Friday 3 July 2020

Bookshelf Travelling for Insane Times

It's time for another Bookshelf Travelling for Insane Times post which is being hosted by Judith at Reader in the Wilderness.

The idea is to share your bookshelves with other bloggers. Any aspect you like:

1. Home.
2. Books in the home.
3. Touring books in the home.
4. Books organized or not organized on shelves, in bookcases, in stacks, or heaped in a helter-skelter fashion on any surface, including the floor, the top of the piano, etc.
5. Talking about books and reading experiences from the past, present, or future.

Whatever you fancy as long as you have fun.

This week it's all about rivers, a small stack I created recently because I do enjoy reading about them: people travelling up and down rivers, people swimming in them, people living beside them and so on. It's always interesting to read about how a river influences people's lives.

From the bottom:

Down the River by H.E. Bates. He wrote The Darling of Buds May of course and Fair Stood the Wind for France and is better known for his fiction than non-fiction I suspect. This book is about the twin rivers Bates grew up with, the Ouse and the Nene, and is beautifully illustrated by Peter Parkington. I put a few pics of the paintings in this post.

Once Upon a River by Diane Setterfield. I've just started this fiction book. It's based in an inn on the upper reaches of the Thames. I'm not sure what to make of it to be honest. I like the plot but am not convinced about the manner in which it's written. Odd.

Meander: East to West along a Turkish River by Jeremy Seal. I had no idea that the word 'meander' came from an actual river that 'meanders'. How fascinating! This is the story of the author's trip along the river in a canoe. I've had this one for quite a while...

The Pull of the River by Matt Gaw. Another author canoeing rivers, lots of them this time, all over Britain. I think this was very popular when it came out in 2018 so I'm looking forward to reading it.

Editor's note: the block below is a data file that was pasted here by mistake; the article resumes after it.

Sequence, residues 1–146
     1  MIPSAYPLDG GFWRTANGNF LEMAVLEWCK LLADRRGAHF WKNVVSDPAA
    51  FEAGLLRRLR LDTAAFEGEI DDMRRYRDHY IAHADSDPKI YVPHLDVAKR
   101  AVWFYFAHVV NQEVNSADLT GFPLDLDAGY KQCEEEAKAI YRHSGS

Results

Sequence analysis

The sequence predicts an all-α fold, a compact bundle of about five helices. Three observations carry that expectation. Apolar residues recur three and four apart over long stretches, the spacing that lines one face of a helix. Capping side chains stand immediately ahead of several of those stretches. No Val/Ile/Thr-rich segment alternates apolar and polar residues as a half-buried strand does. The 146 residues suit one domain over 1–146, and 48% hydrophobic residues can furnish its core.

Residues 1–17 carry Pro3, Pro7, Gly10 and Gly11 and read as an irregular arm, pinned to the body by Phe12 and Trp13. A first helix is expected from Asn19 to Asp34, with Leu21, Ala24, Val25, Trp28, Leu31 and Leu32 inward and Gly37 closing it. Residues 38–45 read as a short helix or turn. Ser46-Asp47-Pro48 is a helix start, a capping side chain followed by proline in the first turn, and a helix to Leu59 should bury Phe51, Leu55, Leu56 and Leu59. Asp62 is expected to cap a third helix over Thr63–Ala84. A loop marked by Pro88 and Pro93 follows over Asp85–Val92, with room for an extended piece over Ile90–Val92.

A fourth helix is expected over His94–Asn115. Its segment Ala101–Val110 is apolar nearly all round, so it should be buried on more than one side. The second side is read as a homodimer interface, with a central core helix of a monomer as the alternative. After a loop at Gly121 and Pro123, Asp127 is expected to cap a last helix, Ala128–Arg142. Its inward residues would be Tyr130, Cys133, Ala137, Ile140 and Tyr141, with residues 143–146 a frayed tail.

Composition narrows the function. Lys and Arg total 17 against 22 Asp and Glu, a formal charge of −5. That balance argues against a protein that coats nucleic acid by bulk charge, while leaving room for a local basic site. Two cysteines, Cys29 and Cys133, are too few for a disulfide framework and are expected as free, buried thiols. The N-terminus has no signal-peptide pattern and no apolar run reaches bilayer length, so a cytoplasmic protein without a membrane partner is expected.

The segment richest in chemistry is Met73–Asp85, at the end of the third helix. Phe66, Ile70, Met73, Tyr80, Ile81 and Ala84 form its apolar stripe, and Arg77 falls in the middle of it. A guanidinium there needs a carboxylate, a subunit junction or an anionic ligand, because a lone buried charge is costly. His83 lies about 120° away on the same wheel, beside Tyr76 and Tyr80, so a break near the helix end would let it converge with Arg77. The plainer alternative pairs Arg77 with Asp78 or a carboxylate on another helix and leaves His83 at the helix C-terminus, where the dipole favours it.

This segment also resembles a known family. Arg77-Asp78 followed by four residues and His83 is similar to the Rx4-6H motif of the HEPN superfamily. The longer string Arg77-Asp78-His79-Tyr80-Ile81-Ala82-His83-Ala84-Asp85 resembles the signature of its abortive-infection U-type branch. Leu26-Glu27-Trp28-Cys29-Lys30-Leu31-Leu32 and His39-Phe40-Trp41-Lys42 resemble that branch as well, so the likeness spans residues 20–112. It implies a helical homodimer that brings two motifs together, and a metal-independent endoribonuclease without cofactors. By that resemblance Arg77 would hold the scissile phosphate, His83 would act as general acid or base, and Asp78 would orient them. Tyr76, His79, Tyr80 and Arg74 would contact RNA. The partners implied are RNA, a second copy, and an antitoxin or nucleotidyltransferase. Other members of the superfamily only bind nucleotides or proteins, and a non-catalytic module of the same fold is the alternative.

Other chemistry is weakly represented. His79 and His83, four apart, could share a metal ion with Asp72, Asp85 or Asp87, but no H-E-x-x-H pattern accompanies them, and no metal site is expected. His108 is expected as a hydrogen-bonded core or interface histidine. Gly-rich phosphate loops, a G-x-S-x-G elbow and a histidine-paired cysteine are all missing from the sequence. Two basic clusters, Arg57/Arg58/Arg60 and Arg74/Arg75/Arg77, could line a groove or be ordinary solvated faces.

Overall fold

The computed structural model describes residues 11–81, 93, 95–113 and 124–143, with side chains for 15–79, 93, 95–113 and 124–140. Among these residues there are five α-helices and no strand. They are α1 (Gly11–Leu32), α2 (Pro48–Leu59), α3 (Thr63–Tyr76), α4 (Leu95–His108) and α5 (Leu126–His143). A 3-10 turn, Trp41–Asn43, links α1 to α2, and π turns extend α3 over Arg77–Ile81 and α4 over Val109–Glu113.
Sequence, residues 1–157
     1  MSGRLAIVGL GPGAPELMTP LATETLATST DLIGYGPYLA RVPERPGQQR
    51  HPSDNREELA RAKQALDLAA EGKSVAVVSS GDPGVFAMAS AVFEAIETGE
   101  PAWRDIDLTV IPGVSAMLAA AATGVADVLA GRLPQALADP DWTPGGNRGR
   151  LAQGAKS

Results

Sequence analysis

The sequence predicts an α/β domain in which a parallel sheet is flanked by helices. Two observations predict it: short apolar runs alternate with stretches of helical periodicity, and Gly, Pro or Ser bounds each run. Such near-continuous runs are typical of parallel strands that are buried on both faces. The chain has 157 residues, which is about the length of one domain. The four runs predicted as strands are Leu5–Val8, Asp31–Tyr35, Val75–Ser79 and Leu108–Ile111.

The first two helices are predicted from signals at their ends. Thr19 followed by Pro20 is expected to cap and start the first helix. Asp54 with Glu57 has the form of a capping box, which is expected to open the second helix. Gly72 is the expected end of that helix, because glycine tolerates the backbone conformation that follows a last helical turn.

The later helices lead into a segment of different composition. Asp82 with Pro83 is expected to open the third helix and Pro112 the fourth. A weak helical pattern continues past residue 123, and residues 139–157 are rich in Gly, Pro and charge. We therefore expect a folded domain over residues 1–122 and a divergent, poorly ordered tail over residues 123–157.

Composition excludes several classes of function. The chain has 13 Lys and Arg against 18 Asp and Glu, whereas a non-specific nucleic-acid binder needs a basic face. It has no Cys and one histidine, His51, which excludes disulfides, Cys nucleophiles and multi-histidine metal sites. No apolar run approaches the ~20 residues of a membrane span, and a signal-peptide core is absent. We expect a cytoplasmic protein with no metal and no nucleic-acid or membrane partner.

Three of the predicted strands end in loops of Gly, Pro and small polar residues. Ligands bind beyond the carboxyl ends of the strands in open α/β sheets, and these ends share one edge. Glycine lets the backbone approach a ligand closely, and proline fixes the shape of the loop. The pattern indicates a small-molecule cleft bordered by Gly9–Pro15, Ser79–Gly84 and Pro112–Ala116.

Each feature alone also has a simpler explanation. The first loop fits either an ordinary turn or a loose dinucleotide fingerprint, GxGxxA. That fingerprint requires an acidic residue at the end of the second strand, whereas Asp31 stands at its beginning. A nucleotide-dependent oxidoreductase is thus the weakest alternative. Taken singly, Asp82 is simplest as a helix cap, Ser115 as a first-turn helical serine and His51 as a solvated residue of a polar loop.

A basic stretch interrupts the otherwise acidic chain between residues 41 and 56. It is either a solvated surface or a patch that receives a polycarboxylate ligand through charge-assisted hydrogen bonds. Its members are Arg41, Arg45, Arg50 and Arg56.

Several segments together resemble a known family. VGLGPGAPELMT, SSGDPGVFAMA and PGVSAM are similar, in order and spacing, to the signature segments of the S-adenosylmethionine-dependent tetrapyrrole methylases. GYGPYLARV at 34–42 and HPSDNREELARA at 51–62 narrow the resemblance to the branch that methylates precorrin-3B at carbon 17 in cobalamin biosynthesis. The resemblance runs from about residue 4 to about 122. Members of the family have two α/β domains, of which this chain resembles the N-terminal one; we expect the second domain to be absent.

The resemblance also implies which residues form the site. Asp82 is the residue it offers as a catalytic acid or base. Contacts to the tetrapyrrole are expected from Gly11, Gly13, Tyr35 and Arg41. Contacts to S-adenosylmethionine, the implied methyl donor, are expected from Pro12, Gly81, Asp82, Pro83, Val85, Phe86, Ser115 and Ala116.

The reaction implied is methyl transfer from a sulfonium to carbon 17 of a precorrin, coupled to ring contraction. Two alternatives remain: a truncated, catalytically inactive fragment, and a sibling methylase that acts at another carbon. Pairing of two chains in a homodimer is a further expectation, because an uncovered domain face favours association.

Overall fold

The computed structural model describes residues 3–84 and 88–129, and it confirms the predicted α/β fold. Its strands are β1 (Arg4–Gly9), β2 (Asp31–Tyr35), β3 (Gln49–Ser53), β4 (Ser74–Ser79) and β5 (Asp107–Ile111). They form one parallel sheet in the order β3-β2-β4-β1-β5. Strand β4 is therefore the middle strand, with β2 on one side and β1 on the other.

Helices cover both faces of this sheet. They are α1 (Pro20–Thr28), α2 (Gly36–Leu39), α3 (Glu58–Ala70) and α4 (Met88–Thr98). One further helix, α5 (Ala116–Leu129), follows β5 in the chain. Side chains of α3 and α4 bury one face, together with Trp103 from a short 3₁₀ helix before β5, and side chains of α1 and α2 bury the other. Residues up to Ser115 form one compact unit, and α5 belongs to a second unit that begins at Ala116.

Our Mutual Friend by Charles Dickens. I believe this classic is based on and around The Thames in London and I've been meaning to read it for years. Hopefully this is the year I'll get around to it... all 800 pages.

Other books about 'rivers' that I've enjoyed, Waterlog by Roger Deakin, Down the Nile by Rosemary Mahoney, The Cruellest Journey by Kira Salak, A State of Wonder by Ann Patchett, Brazilian Adventure by Peter Fleming, The Gift of Rivers edited by Pamela Michael, Lost Lands, Forgotten Stories by Alexandra J. Pratt. And I have more on my TBR pile of course.

So nice to get back to these 'Insane Bookshelf' posts after a couple of weeks away.



Lark said...

I haven't read any of the books on your "shelf" but I did love Mahoney's Down the Nile and Salak's Cruelest Journey, too. I like reading travel/memoir books like those two a lot. :D

Sam said...

Cath, those are all new to me but they are most definitely the kind of thing I enjoy reading. I'm more drawn to "long walk" books, but any kind of long, slow trip appeals to me and my sense of wonder about the world. A similar book I can recommend is "Along the Edge of America" by Peter Jenkins. Jenkins is also author of "A Walk Across America" and several other similar trek-books. "Along the Edge of America" is his exploration by boat of the Gulf Coast region of America.

TracyK said...

I can understand why you would be attracted to books about rivers. I did not know the origination of the word "meander" either. I cannot remember any book I have read centered on a river, although there is the river traveling in To Say Nothing of the Dog.

When I was a child my grandparents had a cabin on the river (although the second one they had was much more than a cabin). This was on the Coosa River in Alabama, not one of the larger rivers. They would spend most of their time there in spring and summer and I fondly remember visiting them there now and then. So different from the city (Birmingham) that I lived in.

Mae Travels said...

Rivers should be a great focal point for literature, and your collection of titles is fascinating. Langston Hughes wrote a wonderful poem about rivers that I remember reading, and I also remember learning about the origin of the word “meander” in Latin class in Junior High School, as it was called in the olden days. We studied word roots once a week, which I remember in incredible detail, though I forgot everything else about Latin.

be well... mae at

Cath said...